Wednesday 16th April 2014
Via, Veritas, Vita (“Way, Truth, Life”) is the motto of Glasgow University where Ruth and I studied in the 1980’s and summarizes Jesus’ amazing assertion in John 14:6 – “I am the way, and the truth, and the life. No one comes to the Father except through me.” And today we saw three different examples of faithful Christians looking to proclaim this truth in modern Africa.
We were certainly happy to be traveling less today, and our first stop was a real eye-opener. For, in stark contrast to the indigenous Evangelical Bible College of Malawi in Blantyre, the African Bible College in Lilongwe was a pristine transplant of American college life complete with manicured lawns, smooth ‘sidewalks’, and middle-aged white men jogging in lurid plaid shorts. Perhaps this was not so surprising given almost half the staff come from overseas and the college relies on significant external funding. However, as we listened to our kind host Mr Chang’anamuno, I had to admire the rigorous academic approach that ABC took to its degree course which gathered students from wide area of East Africa. Nevertheless I could not imagine such a capital intensive and traditionally academic approach to education, producing tens of graduates a year, being the scalable and sustainable approach to leader training that is required by the modern Malawi church.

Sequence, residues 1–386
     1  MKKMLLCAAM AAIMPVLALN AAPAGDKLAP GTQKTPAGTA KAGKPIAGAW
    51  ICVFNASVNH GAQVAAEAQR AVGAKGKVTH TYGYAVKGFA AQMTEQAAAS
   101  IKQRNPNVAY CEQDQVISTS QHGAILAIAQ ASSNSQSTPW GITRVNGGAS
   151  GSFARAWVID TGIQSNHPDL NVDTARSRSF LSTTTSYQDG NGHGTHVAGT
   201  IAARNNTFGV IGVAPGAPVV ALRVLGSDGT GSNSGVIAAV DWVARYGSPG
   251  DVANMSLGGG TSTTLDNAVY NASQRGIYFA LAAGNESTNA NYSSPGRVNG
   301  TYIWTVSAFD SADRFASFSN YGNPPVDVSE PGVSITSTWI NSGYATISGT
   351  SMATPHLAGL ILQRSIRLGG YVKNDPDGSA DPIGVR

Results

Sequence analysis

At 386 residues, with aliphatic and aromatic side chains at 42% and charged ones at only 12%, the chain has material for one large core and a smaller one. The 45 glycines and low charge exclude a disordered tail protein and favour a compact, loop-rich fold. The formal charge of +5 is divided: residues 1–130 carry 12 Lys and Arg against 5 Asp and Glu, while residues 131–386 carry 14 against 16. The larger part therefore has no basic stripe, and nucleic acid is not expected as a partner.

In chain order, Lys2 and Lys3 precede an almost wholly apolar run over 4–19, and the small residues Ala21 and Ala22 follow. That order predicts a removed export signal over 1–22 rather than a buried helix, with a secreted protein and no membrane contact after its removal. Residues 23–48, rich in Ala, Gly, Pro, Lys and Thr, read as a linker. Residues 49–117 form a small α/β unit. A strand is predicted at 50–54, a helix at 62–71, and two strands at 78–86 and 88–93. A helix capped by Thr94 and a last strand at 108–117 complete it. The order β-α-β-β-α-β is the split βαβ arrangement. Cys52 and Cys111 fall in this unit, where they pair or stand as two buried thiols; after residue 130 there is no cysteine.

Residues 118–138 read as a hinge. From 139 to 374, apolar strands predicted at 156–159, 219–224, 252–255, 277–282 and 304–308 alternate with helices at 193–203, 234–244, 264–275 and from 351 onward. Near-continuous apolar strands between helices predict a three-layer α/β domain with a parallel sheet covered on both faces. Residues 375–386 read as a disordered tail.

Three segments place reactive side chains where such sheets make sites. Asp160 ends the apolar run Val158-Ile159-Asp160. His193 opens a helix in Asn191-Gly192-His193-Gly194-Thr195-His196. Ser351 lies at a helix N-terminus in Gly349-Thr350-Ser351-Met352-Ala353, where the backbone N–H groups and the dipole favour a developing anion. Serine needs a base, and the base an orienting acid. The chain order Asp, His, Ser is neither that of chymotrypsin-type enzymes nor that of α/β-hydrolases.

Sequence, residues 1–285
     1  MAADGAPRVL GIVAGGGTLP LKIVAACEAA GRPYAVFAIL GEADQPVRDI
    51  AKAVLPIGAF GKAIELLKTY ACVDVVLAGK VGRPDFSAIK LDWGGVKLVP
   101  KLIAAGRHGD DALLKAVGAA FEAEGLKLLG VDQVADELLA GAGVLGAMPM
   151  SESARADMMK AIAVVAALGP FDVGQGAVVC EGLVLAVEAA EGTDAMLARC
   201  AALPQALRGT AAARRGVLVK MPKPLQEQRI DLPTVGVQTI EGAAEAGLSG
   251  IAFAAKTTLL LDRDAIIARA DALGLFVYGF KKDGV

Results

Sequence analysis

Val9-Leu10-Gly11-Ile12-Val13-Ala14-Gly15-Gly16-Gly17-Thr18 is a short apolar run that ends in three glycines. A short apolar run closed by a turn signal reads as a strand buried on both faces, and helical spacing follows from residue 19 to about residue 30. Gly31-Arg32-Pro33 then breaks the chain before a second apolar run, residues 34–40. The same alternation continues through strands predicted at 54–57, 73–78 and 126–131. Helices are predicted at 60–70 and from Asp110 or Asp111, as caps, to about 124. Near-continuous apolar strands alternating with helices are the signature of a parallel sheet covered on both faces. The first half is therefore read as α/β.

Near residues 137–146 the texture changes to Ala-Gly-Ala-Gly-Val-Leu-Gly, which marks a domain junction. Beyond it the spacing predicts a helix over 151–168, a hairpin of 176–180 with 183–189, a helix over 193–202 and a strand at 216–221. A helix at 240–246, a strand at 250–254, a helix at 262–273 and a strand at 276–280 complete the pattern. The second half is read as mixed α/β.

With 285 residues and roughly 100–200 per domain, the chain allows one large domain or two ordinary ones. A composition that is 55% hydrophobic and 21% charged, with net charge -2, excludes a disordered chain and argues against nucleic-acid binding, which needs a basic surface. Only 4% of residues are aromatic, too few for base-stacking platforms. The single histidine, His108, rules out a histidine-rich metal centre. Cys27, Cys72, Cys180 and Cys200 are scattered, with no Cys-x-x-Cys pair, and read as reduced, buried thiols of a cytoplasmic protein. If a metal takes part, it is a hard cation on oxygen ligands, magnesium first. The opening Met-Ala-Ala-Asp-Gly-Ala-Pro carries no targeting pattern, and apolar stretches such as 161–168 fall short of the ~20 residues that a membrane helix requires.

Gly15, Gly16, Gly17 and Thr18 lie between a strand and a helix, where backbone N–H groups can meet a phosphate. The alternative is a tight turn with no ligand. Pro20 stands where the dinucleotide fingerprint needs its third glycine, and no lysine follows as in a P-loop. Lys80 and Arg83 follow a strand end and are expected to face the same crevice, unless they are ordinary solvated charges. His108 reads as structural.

Our next meeting was with Pastor Gerald Malindah who is Deputy Chairman of ZEC, and the pastor of Kawale ZEC, one of the big Lilongwe churches. It was fascinating to see the way Gerald was using the assets of the local church to create income that would progress the mission of the church; for example renting space in the church compound to minibus drivers as secure car parking during the week. However, even more exciting was his vision of a church where every disciple was equipped and released to make disciples, and to discover the enthusiasm we both shared for saturation training of all ZEC leaders. This was wonderfully reflected in the church’s focus of multiplying disciples who proclaim Christ as the Way, the Truth and the Life; a focus that we did not see everywhere we visited.
Then we were off for our third and final stop of the day at the offices of Veritas College Malawi, and specifically Rev Dr Davodson Chifungo and Martin Etter. In an exciting contrast to African Bible College, Veritas (see here) focus on foundational bible training through the local church and more formal diplomas and degrees through distance learning with the Australian headquarters. Its all designed to give church leaders and members access to training when residential Bible college training is out of reach.
The impression was that the predominant focus of Veritas is on enabling ‘truthful’ bible interpretation (hermeneutics). And while this is critically needed in Africa, on first pass the approach appears to still be quite academic – especially if the objective were to reach the mass of untrained elders in ZEC. And while the approach of Veritas to train local trainers to train others begins to bring some scale to the process it still appears to lack the sort of multiplication capability necessary for saturation training of hundreds of leaders in a denomination the size of ZEC.
What a fascinating day of fellowship with three such different groups of faithful Christians aiming in their own way to proclaim Christ the Way, Truth and Life. And what a relief that it was just a short drive back to the guest house!